In this blog post I thought I would talk a little about one of my favorite features of VS2010, Intellitrace. Intellitrace is debugging on steroids. In regular debugging session you can see the values of variables at a certain time, but you can’t go backwards, and you cannot see the state of the entire system. This means that some bugs cannot be reproduced.
With Intellitrace a log file is created that allows you to debug the file. This is similar to a dump but has lots more information, and when run inside Visual Studio it allows you to recreate (or at least see) the bugs that occurred on the other computer. An example of this that you might read a value from an XML file when the application starts that is used much later, and only on a limited number of code paths. If this value is not read it may cause no problems most of the time. If after some work you narrow down that the problem is that the value is not there you would still have to then add a breakpoint where the read occurs and see why it was not read. If your computer has the file but the other computer does not, that can add even more complexity to the debugging process. With Intellitrace you can load the log file that was made on the QA machine and immediately go back to where the file was read and see what the problem is.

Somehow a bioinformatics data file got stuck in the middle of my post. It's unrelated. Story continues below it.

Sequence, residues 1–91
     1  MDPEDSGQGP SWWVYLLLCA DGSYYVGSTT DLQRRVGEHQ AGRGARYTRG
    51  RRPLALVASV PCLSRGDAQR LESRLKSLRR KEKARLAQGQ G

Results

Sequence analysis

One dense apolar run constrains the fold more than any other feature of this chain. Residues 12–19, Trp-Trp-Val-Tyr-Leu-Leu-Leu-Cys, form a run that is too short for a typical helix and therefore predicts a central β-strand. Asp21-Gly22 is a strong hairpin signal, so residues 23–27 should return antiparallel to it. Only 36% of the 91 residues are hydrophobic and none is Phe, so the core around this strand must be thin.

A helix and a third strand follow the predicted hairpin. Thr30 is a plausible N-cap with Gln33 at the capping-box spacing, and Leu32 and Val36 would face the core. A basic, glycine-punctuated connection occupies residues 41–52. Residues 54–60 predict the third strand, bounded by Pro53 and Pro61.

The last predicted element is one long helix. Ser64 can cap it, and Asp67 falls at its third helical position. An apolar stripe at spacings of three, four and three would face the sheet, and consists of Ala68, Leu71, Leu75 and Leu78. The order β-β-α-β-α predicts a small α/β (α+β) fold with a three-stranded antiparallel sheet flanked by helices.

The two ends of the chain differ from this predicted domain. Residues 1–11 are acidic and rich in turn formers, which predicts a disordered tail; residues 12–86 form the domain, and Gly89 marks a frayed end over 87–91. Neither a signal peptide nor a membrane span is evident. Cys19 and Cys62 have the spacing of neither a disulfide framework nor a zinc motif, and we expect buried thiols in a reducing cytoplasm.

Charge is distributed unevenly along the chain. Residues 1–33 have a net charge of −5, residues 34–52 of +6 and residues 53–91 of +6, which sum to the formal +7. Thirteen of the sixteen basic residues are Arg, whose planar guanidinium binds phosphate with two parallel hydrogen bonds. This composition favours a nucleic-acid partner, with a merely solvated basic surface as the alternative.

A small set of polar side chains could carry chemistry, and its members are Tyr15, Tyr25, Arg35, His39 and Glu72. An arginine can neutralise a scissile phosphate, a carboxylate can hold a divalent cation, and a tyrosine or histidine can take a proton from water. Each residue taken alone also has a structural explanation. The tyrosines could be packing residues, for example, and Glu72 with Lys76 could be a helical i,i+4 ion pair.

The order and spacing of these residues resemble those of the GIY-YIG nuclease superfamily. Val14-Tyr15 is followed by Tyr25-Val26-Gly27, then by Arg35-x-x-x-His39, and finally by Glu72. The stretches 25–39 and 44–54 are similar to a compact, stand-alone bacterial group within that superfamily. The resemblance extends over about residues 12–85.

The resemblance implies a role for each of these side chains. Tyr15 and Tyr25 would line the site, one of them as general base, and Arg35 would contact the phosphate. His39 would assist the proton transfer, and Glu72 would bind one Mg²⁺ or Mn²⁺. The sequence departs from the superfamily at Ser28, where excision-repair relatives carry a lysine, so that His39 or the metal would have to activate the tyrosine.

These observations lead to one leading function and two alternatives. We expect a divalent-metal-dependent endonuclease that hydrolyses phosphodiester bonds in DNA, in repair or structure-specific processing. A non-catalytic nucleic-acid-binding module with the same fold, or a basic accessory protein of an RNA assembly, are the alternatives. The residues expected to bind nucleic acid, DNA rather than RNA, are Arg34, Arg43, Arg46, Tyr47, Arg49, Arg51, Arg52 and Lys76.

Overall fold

Intellitrace is available only in the Ultimate edition of Visual Studio 2010, but works on C# and VB .NET code written for .NET versions 2.0 and up. Intellitrace does not support debugging in XBOX, script and Silverlight applications. While Intellitrace does not support debugging applications running on another computer and attached, it does support opening a log file created in Visual Studio on another computer. Intellitrace can also be run from Test Manager as well as Visual Studio Ultimate 2010. Intellitrace also integrates with Team System allowing QA people to attach trace log files to work items that can then be assigned to other developers.
Intellitrace is always on be default but only collects minimal information, you can change the information Intellitrace collects by changing the settings in Visual Studio. The events that can be collected by Intellitrace include debugger events (events that occur while you are debugging your application including the STEP event and hitting breakpoints), exception events, and framework events (these can be initiating a method call, or file access).
As you can see Intellitrace is a great tool for speeding up the debugging process and if used correctly can even allow you to go backwards through your code. For more information, check out MSDN’s information at: http://msdn.microsoft.com/en-us/library/dd264915.aspx